I tried out all the note/ todo apps years ago.  I found Awesome Note to be by far the best. it has tags for notes that makes searching easy. Its like a personal database. It was only available for iOS (now Samsung devices as well). None of the android apps could come close so I ended up writing my own android app mostly duplicating Awesome Note's functionality. Its what I still use today. Evernote probably comes close although it was a buggy POS before and you have to pay a monthly fee to stores notes locally on your phone
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#15
(2017-05-06, 4:48 am)KameDemaK Wrote: @pm215 I agree that you should know what you want your app for. I don't think I'll be using 100% of all the features of an app. What advantage does the calendar in Todoist have with respect to Google Calendar?
If you want a real calendar feature then Todoist probably isn't it. It works for me though because I have very few dated items so I can just put them in a todo list category and then they're in the same place as all my other todo list items. (At the moment I have just 7 items there, to give you an idea. The simple list works better than a calendar view for me because I can see eveything at a glance rather than it being spread across months of calendar pages.)

One thing I don't have a good solution for is long-period recurring chores (things like 'test smoke alarm every six months'). I want something that surfaces those automatically as they become due but hides them otherwise so they don't distract me.
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#16
(2017-05-06, 9:06 am)gaiaslastlaugh Wrote: But that's true in development too. I often have bugs I move straight from "Analysis" to "QA" (skipping "Dev") because they were easy to fix, or I fixed them while working on something else. 

For every "clean the toilet", there's a "patch the roof" or "resolve claim with insurance company" that takes days or even weeks. Something that seems small at first (resolving a billing discrepancy on your credit card) could balloon into something much larger (identity theft) that takes longer than you ever expected to resolve. Having such larger tasks represented reminds you that you still have work ongoing, and to limit the amount of additional load you take on until that task is resolved.

The benefit of Kanban is not just "remind me to do this", but "help me figure out the right amount of work I can reasonably accomplish in a given day".

KanbanFlow has as one of its default columns "Do today". I love that - it lets you tee up what's on your plate for the day and size up whether you're being realistic in the amount of productive work you think you're doing to get done.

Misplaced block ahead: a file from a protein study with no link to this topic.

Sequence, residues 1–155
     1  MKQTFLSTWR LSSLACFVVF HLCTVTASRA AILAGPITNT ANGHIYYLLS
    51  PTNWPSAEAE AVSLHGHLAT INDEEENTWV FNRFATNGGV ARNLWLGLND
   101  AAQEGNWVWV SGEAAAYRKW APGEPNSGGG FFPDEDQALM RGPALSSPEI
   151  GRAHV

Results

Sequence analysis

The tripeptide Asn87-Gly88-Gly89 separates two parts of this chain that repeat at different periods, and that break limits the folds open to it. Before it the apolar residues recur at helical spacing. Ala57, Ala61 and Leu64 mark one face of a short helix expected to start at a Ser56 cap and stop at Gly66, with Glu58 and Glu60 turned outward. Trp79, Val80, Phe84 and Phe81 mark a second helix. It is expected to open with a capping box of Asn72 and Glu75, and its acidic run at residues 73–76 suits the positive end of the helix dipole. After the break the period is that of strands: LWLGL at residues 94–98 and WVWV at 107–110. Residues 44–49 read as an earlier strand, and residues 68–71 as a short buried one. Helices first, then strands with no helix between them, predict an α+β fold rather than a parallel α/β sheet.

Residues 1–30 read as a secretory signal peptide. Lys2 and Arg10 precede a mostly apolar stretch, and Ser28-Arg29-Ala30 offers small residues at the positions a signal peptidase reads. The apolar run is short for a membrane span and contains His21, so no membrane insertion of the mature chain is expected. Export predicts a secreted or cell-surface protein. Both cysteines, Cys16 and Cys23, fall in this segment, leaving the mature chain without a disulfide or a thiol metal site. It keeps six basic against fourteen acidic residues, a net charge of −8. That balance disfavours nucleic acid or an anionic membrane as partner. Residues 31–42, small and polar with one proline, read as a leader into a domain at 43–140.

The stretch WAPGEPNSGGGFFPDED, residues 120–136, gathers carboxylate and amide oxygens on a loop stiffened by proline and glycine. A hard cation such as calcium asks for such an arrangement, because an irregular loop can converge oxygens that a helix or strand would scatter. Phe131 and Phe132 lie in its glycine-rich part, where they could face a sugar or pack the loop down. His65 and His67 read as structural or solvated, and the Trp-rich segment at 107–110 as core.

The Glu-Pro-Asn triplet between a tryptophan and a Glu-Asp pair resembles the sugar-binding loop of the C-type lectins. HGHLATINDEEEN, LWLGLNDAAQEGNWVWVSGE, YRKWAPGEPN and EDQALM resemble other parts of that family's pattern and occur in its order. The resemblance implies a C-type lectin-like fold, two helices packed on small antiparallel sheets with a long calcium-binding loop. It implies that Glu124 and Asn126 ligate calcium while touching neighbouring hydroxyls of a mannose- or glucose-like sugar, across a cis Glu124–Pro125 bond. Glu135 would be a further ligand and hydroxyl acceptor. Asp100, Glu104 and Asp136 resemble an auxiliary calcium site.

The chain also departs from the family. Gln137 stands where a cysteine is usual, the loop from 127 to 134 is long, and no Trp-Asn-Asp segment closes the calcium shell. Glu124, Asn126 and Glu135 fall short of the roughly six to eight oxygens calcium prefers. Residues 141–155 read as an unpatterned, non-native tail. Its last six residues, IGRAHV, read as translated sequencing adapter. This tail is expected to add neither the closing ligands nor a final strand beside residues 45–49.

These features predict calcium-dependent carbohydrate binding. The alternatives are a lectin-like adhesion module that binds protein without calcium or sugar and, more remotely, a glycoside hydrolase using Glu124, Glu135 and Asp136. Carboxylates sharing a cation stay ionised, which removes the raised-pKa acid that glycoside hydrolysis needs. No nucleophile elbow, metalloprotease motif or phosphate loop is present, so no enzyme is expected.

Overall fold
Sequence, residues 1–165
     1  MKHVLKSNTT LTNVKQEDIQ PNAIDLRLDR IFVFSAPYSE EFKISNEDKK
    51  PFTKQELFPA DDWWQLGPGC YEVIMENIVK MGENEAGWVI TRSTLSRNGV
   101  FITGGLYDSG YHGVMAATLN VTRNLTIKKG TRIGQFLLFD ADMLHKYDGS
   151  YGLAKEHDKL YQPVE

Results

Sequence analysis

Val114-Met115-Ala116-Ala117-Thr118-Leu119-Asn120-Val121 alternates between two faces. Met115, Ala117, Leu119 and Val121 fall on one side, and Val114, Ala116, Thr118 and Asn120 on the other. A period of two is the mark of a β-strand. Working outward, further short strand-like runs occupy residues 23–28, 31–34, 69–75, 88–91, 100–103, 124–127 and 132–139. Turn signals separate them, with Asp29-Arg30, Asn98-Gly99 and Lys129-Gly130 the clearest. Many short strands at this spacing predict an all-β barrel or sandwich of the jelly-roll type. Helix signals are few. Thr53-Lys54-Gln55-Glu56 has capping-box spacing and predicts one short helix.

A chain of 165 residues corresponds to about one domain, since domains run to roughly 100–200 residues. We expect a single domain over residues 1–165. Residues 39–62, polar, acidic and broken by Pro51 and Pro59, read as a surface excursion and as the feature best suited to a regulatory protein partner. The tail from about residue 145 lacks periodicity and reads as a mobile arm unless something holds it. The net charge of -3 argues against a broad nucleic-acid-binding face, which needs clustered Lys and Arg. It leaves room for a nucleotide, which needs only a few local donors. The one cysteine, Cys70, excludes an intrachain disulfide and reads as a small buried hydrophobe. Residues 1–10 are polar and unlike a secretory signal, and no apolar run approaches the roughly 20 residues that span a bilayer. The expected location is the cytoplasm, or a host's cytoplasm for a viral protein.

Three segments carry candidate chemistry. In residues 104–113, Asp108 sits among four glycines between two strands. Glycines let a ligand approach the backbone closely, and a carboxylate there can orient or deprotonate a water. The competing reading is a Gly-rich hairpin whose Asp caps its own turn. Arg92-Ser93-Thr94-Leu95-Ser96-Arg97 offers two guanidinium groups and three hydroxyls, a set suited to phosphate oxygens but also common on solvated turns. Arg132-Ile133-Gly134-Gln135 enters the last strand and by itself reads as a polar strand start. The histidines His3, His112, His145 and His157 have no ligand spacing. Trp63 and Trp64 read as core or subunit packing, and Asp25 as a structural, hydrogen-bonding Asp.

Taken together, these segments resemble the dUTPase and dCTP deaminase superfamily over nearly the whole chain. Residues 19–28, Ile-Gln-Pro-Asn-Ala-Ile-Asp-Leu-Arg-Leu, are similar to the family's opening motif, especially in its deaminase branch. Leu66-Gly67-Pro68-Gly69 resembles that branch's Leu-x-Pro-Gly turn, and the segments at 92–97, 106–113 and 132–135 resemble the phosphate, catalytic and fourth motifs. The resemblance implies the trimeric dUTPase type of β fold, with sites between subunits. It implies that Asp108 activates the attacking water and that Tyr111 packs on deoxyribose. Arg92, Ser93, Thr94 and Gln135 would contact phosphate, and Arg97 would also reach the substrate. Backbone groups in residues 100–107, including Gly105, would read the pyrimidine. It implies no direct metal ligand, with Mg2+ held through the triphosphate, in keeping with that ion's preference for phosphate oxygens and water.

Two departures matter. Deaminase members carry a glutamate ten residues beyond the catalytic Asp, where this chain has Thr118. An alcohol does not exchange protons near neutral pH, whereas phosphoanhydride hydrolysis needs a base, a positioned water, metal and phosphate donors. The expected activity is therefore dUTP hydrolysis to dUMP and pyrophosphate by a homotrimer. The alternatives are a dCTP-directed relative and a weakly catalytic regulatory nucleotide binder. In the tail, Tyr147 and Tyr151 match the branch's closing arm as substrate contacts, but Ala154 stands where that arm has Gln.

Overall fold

@gaiaslastlaugh I think the difference (at least for me) is that most of my personal tasks don't transform into bigger tasks but are solved promptly, whereas in my work tasks have to be tracked as "to do", "in progress", "testing", "done" and sometimes "clarification needed" for everyone to see. If a task jumps from "to do" to "done" immediately that's of course OK, but it doesn't seem to be the case in most of the tasks. If I encountered IRL a "patch the roof" case like the one you propose, I would probably complete "patch the roof" and then create a new task "resolve claim with insurance company". IDK, makes sense to me. I will give KanbanFlow a deeper look though.

@RawrPk Thanks for all your suggestions! I'll give OneNote and Pocket a try. Do things like Habitica or HabitRPG work for you? I believe it's a bit extreme to gamify every single aspect of your life, but I guess it can work for some people?

@juniperpansy I have no Apple nor Samsung products. Have you shared your Android app somewhere?

@pm215 OK, thanks for your insight. You bring up a good point on the long-period recurring chores. Some of the ideas I have read in the Internet suggest separating tasks with a due date from tasks with a location/context. The idea is that tasks with a due date will show up automatically when the week/day begins, so you pay no attention to them until they do show up. Tasks without a due date (it's not important when exactly you do them, only that you eventually do them) are only shown when you open the location or context. So if you're in your home and have 2 hours of free time, you can open your context @home and see what tasks you could do. Whereas at the beginning of the day/in your weekly planning you open "today" or "this week" to see the tasks that you have to complete in that time frame. I don't know if that could potentially solve your problem?
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#17
(2017-05-07, 1:11 pm)KameDemaK Wrote: @RawrPk Thanks for all your suggestions! I'll give OneNote and Pocket a try. Do things like Habitica or HabitRPG work for you? I believe it's a bit extreme to gamify every single aspect of your life, but I guess it can work for some people?

I've been using Habitica since its beta days (when it was called HabitRPG). It hasn't worked always for every aspect of my life but that is only cuz I am a lazy person and if left without time to plan, would be a total potato lol. I'm always either extremely busy or extremely lazy XD.

I like the reward/punishment system of Habitica because I like to feel I accomplished something and the act of doing the task usually isn't enough motivation for me (or will motivate me to go into "lazy mode" and abandon other tasks). It has worked greatly in my academics (e.g. homework assignments, projects), work related tasks and good habits. In terms of Japanese, while I was adding Japanese study related tasks to it I was pretty persistent until I deleted them during final exams last term. Haven't put any of those tasks back since and of course my Japanese studies ceased since then. :/ But that is my fault, not habitca.